The seventh is at IGN:
So how does the story of this sequel hook into the end of the original? We were told the results of the major events of the first game, specifically the 'boss' encounters, remain unchanged. "There's a ton of controversy amongst the splicers as to which of the choices the player made," said Thomas. "The knowns are Tenenbaum and her safehouse full of Little Sisters returned to the surface and most of them led normal lives.One Little Sister did not acclimate. She wasn't able to fit in. She wouldn't let Rapture go for some reason.In the late 60s she returns to Rapture and she finds it a wreck. A lot of it has been reclaimed by the ocean, there's this new growth that's taking parts of it, and it's chilling to her."
The eighth is at Joystiq:
With her on the Big Daddy's shoulder, the demo moved on to another room, this one with a glowing dead body on the floor. She pointed out that it was an "angel" -- a dead splicer ripe for ADAM harvesting. Here was a look at another of the game's changes: the siege scenario. It takes the Little Sister a set amount of time to harvest ADAM, displayed as an on-screen gauge. While she's doing so, the game's seemingly much more aggressive splicers will try to stop her and kill the player. (We seem to remember them being a bit afraid of Big Daddies in the first game ... )
The ninth is at Kotaku:
When you "Adopt" a Little Sister, you carry her around a level with you and can deploy her to go gather Adam from corpses. But doing so agros pretty much every Splicer in the area and they all come running to kick the shit out of the Little Sister. Again, not really a spoiler, since this same mechanic went on in the later levels of BioShock. The difference here is that the Little Sister has a Harvest limit and once she's reached it, you have to send her back home via the little pipe system.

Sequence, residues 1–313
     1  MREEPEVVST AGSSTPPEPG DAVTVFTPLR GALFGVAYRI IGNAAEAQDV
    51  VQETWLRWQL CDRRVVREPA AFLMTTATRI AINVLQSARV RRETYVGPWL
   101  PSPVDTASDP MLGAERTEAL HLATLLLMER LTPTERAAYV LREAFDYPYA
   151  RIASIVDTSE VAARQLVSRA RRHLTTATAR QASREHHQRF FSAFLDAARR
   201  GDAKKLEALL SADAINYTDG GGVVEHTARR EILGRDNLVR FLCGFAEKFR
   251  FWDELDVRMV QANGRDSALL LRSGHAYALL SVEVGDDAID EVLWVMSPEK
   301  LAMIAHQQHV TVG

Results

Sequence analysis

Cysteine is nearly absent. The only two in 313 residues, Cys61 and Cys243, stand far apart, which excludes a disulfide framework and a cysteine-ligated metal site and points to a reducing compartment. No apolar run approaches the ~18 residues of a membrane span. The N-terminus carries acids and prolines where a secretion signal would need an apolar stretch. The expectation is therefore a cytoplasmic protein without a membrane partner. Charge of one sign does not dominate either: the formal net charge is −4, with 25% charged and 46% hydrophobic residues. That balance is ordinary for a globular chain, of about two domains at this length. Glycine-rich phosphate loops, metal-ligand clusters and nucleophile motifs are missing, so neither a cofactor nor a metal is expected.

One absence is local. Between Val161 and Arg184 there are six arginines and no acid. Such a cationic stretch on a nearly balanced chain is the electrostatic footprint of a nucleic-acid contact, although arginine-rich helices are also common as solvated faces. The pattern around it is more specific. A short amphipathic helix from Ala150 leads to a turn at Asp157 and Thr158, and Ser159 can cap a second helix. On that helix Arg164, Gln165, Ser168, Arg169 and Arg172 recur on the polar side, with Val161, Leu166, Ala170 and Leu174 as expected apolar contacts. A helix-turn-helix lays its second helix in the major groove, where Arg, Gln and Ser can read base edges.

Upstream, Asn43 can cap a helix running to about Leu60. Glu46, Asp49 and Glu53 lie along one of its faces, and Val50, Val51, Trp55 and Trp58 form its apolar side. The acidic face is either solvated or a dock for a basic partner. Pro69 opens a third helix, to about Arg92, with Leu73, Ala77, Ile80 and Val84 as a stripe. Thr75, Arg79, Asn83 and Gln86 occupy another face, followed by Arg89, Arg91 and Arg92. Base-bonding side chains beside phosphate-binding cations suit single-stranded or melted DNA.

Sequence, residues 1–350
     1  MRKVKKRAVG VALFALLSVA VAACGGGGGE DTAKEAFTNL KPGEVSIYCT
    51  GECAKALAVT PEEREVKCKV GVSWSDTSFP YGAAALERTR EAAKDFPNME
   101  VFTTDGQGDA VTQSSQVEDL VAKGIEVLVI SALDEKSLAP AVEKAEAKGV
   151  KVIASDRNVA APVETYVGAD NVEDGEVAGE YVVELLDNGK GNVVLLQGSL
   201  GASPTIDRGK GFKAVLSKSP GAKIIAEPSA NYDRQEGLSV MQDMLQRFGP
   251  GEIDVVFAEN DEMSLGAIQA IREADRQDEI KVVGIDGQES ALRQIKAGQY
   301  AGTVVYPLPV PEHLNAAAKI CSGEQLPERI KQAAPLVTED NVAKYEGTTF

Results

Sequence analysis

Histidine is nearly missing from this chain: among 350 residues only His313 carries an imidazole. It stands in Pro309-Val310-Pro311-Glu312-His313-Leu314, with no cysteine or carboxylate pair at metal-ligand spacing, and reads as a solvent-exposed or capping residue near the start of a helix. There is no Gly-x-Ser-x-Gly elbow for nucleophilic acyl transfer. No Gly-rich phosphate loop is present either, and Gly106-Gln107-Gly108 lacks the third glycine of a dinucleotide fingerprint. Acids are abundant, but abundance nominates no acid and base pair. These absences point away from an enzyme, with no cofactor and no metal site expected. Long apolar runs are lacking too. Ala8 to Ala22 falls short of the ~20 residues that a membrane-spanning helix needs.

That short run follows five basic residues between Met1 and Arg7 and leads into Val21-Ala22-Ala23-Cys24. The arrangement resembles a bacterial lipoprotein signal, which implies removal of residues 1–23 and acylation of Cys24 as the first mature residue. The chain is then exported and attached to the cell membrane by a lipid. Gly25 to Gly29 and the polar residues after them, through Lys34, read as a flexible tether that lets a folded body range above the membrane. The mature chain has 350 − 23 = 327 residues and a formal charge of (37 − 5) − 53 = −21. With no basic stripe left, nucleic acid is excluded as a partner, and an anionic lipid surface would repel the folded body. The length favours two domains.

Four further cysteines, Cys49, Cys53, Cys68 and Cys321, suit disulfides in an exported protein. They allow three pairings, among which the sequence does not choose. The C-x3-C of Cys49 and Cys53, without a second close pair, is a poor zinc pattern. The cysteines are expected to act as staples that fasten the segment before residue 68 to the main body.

The tenth is at WorthPlaying:
I'm one of the few people who had serious problems with BioShock, and I was told that two of my larger issues are being addressed. For one thing, there will be a wider moral spectrum presented when dealing with the Little Sisters, as well as other situations you encounter in Rapture; harvesting them versus protecting them will reportedly have genuine effects on the game, rather than the largely arbitrary choice it was in BioShock.
And the eleventh is at The Escapist:
One thing's clear, at least: being a Big Daddy means you're a wrecking machine. In addition to the trademark drill, which can be charged up for a fierce lunging attack, and the return of customizable and upgradeable guns, you can use Plasmids, with your left hand used for shooting fire, electricity, and other powers that return from the first game.
If it you're worried that your character in BioShock 2 is so powerful, keep in mind that the bad guys are tougher, as well. Enemy Big Daddies return, and 2K Marin has tweaked the Vitachamber mechanics so that they're a lot harder "to cheap." (Vitachambers can also be turned off entirely from the get go).